Spathularia flavida: The Ultimate Mushroom Guide
About The Spathularia flavida Mushroom
Spathularia flavida is an ascomycete fungus found in coniferous forests of Asia, Europe and North America. It produces a small, fan- or spoon-shaped fruit body with a flat, wavy or lobed cream to yellow-colored "head" raised on a white to cream stalk. The stipe is whitish to yellow or yellow-brown and usually has whitish to yellow fuzz at the base. The fertile head usually is some shade of creamy yellow.
The role of these little club-like fungi in the natural world is thought to be that of recycler; they feed of fallen conifer needles and rotting twigs, helping to break them down into simple compounds that trees and other plants can feed on.
Spathularia flavida is common in temperate regions such as the Pacific Northwest region of North America, extending north to Alaska; it is, however, unknown in Mexico. In Europe, it has been collected from Britain, Germany, Spain, Austria, Belgium, Scandinavia, and Italy; in Asia, it has been reported from India Japan, and Turkey. It is considered a protected species in Slovakia.
Other names: Yellow Earthtongue, Fairy Fan, Spatula Fungus.
Spathularia flavida Identification
Presumably saprobic; growing gregariously or in clusters under conifers in needle duff; summer and fall; northern and montane North America; widespread in Europe.
Roughly spatula-shaped, with a flattened head portion at the top of a stem, usually running down the stem on either side of it. Head 15–25 mm across; 20–30 mm high; clear, pale yellow; bald and often slightly wrinkled; moist when fresh. Stem 25–40 x 4–8 mm; more or less equal; bald; whitish; becoming hollow; attached to whitish mycelium. Flesh insubstantial; somewhat rubbery; yellowish. Odor is not distinctive.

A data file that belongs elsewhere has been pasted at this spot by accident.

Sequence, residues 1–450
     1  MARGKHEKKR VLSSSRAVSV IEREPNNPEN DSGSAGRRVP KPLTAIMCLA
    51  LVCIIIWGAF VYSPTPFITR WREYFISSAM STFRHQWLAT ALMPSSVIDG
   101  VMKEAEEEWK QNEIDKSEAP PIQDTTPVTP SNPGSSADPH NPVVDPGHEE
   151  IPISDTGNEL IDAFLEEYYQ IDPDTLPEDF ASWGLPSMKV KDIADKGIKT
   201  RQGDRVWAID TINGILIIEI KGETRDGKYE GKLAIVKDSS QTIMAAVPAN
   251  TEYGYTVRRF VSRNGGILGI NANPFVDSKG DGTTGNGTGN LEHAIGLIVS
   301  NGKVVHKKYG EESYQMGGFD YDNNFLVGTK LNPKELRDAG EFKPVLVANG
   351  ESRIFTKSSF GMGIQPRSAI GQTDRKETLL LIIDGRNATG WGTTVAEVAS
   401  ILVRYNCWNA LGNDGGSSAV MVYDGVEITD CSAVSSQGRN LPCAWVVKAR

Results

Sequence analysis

Spores 30–75 x 1–3 µm; aciculate; often slightly curved; smooth; hyaline and multiguttulate in KOH. Asci 60–110 x 8–10 µm; fusiform; hyaline in KOH. Paraphyses 60–130 x 1–4 µm; cylindric; flexuous; apices rounded or subclavate; often curving, hooking, or curling past the asci—sometimes dramatically so, creating a tangled mass of hyphae appressed to the hymenial surface; smooth; hyaline in KOH.
Spathularia flavida Variants
Mains described a number of varieties of S. flavida based largely on differences in the shapes and sizes of their spores. All varieties were described from collections made in the United States.
S. flavida var. flavida
In the typical variety, spores range in size from 40–62 µm (although a smaller range of 45–56 µm is most typical) by 2–2.5 µm; the paraphyses are either slightly branched above or not at all, and are curved to circinate at their apices.
S. flavida var. tortuosa
In this variety, the paraphyses are more curved to circinate and twisted at the apices, and often form a dense intertwined layer above the asci.
S. flavida var. ramosa
The spores are smaller than the typical variety, usually 39–42 by 1.5–2 µm; the paraphyses are irregularly branched on the upper portion. Fruit bodies in this variety are club-shaped and flattened compared to the typical tongue-shape of the typical variety.
S. flavida var. brevispora
This variety, common in Michigan, has spores that are 32–40 by 2 µm.
S. flavida var. longispora
Variety longispora is known from the Pacific Northwest. It has spores that are 55–75 by 2–2.5 µm, and paraphyses that are similar to the typical variety.
Spathularia flavida Look-Alikes
Differs by its darker brown hairy stipe with orangeish fuzz at the base, browner fertile head, and distribution primarily in eastern North America.
Has an ochre color, spores that measure 60–80 by 1.5–2 µm, and paraphyses that are branched on the upper parts.
Is roughly similar in appearance to S. flavida, but lacks a sharply differentiated, spoon-shaped head, has a stem lighter in color than the head, and microscopically, has much smaller oval to elliptical spores that measure 5.5–8.5 by 3–4 µm.
Has a well-defined oval to spoon-shaped head, and sausage- to spindle-shaped spores that are 18–38 by 4–6 µm.
Spathularia flavida Taxonomy & Etymology
The great South-African born mycologist Christiaan Hendrick Persoon described this ascomycetous fungus in 1794, he named it Spathularia flavida.
Synonyms of Spathularia flavida Pers. include Clavaria flavida (Pers.) Mussat, Helvella clavata Schaeff., Spathularia clavata (Schaeff.) Sacc., Clavaria spatulata Dicks., Helvella spatulata (Dicks.) Purton, Mitrula crispata Fr., Spathulea crispata (Fr.) Fr., Spathularia crispata (Fr.) Mussat, and Mitrula spathulata Fr.
The genus name Spathularia refers to the spatula-like shape - a short-handled implement with a broad, flat, blunt blade used for spreading paste, while the specific epithet flavida means yellow.
Help Improve Ultimate Mushroom
If you find an error or you want to add more information about the mushroom please click here.